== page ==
More than one-fifth of all U.S. companies are considered small businesses — based on federal tax returns — yet, there is nothing small about their impact on the business world.
It’s easy to picture a slew of entrepreneurs working out of their homes and having just one or two employees. But in reality, many small businesses operate on a much larger scale and have significant technology needs.
These needs were addressed recently at the SB Immersion Summit hosted by CDW, which included a panel of CEOs and IT professionals from several small businesses ranging in size from 1 to 19, 20 to 49 and 50 to 99 employees. The one message that was consistent throughout the summit: They may all be considered small businesses, but their approach to IT varies considerably.
When Gregory Ehrendreich, research analyst for Midwest Energy Efficiency Alliance (MEEA) in Chicago, started at the 12-employee nonprofit organization (now grown to 18), there was no one person dedicated to working on IT. Leaders at the organization quickly recognized the need for someone to help manage their IT needs and allowed Ehrendreich to take on the role.
“I have no formal IT training, but was dubbed the ‘Alpha geek’ and started doing IT for the office,” says Ehrendreich, who spends half his time doing research and the other half handling the organization’s technology needs.
According to those on the panel, for many companies with fewer than 20 employees, technology can be an afterthought. Technology purchases are often done ad-hoc, and there usually isn’t an IT professional within the organization.
Taylor Mitchell, CEO of Chicago-based TSS Radio, says this is true of his company. “Big purchases are taken care of by my partner,” he says. Tending to the business is so time consuming that “time together is at a premium between the two of us. When we met regularly [to discuss the business], it was taking time away from our work.”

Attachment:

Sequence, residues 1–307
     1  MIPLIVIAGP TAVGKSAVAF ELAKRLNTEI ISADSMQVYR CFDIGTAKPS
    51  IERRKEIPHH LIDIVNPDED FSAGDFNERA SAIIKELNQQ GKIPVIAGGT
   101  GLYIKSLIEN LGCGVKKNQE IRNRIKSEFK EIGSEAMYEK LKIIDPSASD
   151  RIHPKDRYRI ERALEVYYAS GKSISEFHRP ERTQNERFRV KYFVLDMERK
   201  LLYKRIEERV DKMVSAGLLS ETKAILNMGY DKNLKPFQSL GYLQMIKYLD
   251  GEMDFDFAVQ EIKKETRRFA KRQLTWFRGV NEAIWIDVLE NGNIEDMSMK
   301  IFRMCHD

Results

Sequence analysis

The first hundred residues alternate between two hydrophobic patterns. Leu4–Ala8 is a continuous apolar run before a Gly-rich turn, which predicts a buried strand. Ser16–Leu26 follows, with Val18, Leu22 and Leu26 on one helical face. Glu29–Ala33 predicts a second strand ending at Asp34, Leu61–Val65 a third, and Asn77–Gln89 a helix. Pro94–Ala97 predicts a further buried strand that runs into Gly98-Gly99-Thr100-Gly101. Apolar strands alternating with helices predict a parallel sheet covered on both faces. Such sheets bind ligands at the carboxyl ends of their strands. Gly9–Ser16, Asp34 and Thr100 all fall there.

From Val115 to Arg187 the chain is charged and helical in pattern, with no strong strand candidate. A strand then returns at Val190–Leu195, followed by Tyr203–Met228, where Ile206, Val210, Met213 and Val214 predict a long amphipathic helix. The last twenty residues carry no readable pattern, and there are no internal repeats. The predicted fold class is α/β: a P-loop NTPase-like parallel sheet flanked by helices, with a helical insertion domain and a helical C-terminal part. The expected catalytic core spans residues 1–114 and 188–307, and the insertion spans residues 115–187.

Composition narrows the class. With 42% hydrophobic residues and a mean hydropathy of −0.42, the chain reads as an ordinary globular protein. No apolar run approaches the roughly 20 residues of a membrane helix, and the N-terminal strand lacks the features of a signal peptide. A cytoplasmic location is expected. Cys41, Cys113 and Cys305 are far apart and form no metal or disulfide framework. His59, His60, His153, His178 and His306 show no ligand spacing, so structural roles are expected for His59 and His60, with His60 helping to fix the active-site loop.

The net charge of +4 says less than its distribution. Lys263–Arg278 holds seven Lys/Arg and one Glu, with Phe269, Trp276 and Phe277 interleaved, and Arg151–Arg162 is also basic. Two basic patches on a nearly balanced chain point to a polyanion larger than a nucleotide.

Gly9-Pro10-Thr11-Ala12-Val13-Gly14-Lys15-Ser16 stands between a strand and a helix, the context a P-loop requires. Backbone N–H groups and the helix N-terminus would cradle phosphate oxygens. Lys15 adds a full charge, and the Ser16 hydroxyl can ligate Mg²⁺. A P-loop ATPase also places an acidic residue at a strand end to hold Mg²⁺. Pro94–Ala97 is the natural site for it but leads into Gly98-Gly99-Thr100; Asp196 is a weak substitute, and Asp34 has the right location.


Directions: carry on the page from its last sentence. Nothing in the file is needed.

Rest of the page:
Although the IT role may be informal, these companies recognize the value technology can play in running a business. “It’s always important to make things more efficient,” says Mitchell. “We have to buy new technology to support new employees,” he adds. “We put off other purchases before technology because most technology is a necessity for business.”
In the coming months, Ehrendreich plans to add equipment for new employees that MEEA expects to hire, and is preparing for an office move to accommodate future increases in staffing. “I have a passion for clean energy,” he says. “Energy efficiency is recession proof.”
As the size of a company grows, so does the role IT plays in the business. “We can’t afford to fail to plan for IT,” says Travis Powers, co-founder of Escendent, a human resources management firm with nearly 50 employees based in Chicago. “Transactional buying doesn’t work,” he adds.
Although IT is increasingly important to businesses with 20 to 49 employees, many companies don’t feel the need — or have the budget for — a full-time IT professional. Powers’ company completely outsources its IT. “We have IT experts who help with strategic planning, but the day-to-day work is outsourced.”